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◊(define-meta title "How to move from Blogger to another CMS")
◊(define-meta published "2014-11-20")
◊(define-meta topics "Blogger,Kirby,Python")

When I started this blog it was at ◊link[""]{Blogger}. I eventually decided I wanted to move the blog into a system I owned and controlled. I chose ◊link[""]{Kirby} on a lark. It’s very simple; no database, just a collection of text files.

There are a lot of guides for moving from Blogger to Wordpress, but nothing about moving to any other type of blog. Nearly all of those guides are incomplete, but by adapting and adding to them I was able to achieve all my goals for the move:

◊item{Automatically migrate posts with their metadata into Kirby’s text format}
◊item{Make copies of all images in blog posts so they are included in the move}
◊item{Retain each blog post’s comments}
◊item{Automatically redirect posts at the old blog to the new one without loosing Google juice}

◊section{1. Migrating Posts, Comments and Images}

First of all, download a copy of your Blogger blog: once logged in to Blogger, go to the dashboard for your blog, then click ◊noun{Settings} → ◊noun{Other}. There will be a link at the top to export your blog -- this will allow you to download a ◊code{.xml} file containing your entire blog, including your template, all configuration settings, posts and comments.

The bulk of my work in this projects was in writing a script to get the data I wanted out of that big hairy file.

The ◊link[""]{◊code{blogger2kirby} script is on Github}. To use it you will need Python3 and a number of libraries installed -- there are simple instructions for this in the Readme file at Github.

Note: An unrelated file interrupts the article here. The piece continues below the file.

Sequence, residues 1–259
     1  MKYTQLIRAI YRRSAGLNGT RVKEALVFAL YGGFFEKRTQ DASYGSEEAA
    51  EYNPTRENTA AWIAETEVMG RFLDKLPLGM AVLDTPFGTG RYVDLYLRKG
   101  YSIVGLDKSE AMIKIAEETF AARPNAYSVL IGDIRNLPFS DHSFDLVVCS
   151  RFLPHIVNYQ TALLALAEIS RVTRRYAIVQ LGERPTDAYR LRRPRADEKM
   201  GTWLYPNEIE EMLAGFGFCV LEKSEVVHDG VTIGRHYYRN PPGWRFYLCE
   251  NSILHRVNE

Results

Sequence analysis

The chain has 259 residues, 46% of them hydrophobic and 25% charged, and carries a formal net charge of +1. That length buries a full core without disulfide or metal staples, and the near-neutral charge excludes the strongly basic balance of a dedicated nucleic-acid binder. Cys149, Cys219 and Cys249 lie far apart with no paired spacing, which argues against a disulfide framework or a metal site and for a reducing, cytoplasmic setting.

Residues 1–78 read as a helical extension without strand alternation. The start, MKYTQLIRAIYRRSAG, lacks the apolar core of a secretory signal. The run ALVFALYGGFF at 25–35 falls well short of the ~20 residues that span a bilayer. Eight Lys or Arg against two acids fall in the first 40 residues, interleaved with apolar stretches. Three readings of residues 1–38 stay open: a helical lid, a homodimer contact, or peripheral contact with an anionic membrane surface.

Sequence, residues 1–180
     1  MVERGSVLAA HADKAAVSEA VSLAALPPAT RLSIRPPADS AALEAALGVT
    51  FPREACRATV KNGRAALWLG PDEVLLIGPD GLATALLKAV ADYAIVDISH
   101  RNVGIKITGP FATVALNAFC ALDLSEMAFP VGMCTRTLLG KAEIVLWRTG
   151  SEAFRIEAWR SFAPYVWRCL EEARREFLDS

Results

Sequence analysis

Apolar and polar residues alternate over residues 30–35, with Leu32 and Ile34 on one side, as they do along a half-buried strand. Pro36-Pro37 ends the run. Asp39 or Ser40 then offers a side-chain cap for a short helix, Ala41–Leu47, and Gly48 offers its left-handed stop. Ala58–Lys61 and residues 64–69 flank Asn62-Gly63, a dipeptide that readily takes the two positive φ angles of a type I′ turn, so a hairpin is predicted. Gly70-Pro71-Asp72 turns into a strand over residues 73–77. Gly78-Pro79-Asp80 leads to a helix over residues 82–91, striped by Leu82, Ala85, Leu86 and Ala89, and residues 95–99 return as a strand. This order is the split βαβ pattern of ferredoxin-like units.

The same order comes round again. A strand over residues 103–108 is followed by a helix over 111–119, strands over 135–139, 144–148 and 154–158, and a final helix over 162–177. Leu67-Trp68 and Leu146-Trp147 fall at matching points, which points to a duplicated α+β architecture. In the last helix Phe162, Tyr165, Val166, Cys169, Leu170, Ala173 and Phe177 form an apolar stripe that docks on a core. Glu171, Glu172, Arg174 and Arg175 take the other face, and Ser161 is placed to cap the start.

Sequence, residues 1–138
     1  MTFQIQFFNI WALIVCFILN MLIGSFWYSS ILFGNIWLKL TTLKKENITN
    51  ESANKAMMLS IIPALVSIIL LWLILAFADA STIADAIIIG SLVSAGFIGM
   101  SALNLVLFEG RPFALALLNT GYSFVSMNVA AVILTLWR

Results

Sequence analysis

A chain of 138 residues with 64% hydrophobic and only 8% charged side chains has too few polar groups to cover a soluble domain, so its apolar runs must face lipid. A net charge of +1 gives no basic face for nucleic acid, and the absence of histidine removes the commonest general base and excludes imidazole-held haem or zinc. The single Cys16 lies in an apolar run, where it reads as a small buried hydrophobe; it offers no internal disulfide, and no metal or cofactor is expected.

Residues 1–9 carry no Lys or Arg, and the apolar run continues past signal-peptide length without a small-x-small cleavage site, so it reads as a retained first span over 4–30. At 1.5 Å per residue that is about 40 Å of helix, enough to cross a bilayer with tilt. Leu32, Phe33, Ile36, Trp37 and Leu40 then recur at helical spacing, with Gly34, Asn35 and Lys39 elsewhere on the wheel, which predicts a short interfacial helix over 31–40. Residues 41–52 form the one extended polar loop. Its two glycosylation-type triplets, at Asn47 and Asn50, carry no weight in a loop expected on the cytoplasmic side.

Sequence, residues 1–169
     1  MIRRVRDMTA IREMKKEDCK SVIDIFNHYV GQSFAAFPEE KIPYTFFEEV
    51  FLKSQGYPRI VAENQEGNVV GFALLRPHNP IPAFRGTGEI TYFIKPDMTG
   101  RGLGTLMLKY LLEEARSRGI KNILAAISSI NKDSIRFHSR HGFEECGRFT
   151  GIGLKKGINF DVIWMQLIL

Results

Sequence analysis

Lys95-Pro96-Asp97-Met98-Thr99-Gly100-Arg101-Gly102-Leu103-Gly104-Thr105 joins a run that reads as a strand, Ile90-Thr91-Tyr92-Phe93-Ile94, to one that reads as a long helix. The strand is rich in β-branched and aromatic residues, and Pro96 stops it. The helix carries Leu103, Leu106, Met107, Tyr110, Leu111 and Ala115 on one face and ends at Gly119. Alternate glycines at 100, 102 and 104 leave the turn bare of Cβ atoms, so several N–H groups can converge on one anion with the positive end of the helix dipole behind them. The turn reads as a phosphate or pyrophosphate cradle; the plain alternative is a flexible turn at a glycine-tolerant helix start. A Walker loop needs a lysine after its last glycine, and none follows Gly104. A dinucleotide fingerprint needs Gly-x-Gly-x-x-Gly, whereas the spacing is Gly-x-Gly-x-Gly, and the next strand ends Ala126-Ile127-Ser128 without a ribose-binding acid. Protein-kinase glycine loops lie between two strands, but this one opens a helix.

Place the ◊code{.xml} file exported from Blogger in the same folder as the script, then open Terminal and run the script with the command ◊code{python3}.

The script will create a folder called ◊code{out} containing subfolders for each post. These subfolders are named using a straightforward pattern:

    ◊item{Old Blogger URL: ◊code{}}
    ◊item{blogger2kirby output folder: ◊code{20100317-my-trip-to-philly}}
    ◊item{Resulting New Kirby URL: ◊code{}}}

Upload all these folders to the relevant content folder on your Kirby site and they will be available immediately.

The folders include copies of any images referenced in the post, and all image links in each post are converted to Kirby’s own format.

◊section{2. Redirecting From the Old Blog}

Create a folder ◊code{blogger} on the server for your ◊emph{new} website, accessible at the URL ◊code{}. Make a file in that folder called ◊code{index.php} and paste in this code:

/* Make sure to replace below
   with your own blog address. /*

    $old_url = $_GET['q'];
    if ($old_url != "") {
        $tld_fix = preg_replace("/blogspot.[a-zA-Z0-9]+/", "", $old_url);
        $permalink = explode("", $tld_fix);

        $new_url = preg_replace('/.+?([^\/]+)\.html/', '$1', $permalink[1]);
        header ("HTTP/1.1 301 Moved Permanently");
    } else {
        echo "<!DOCTYPE html><html><head><title>BOO</title></head><body><h1>BOO!</h1></body></html>";

This creates a handler on your new blog that will take incoming requests from your old blog and point them to the correct location on the new blog:

◊blockcode{Incoming request:
Redirected to:}

Now that your new blog is ready to receive incoming hits, we’ll start redirecting your old blog.

You will need to revert to “Classic templates” on your old blogspot site.

Edit the template and past in the following code just before the ◊code{</head>} tag:

    <link rel="canonical" href="" />
    <link rel="canonical" href="<$BlogItemPermalinkURL$>" />

This does two things.

◊item{It sets a ◊code{link rel="canonical"} tag for each page on your blog listing the new URL for that page on your new site. Several search engines (◊link[""]{including Google}) use this tag to update their search results with the new URL instead of the old one. ◊strong{This ensures you continue to get traffic from search engines at the new blog instead of the old one.}}
◊item{It uses javascript to instantly redirect visitors to a page at your new blog.}

Once you’ve saved this template, any hit to any page on your old blog should magically land you at the new one.

I’d advise leaving the old blog in place for as long as possible (at least a year).

◊updatebox["4 Feb 2016"]{◊ul{◊item{I didn’t stick with Kirby, but this code still came in handy.}
◊item{Even with that redirect in place, my search traffic (and my ad clicks) ◊emph{totally tanked}.}}}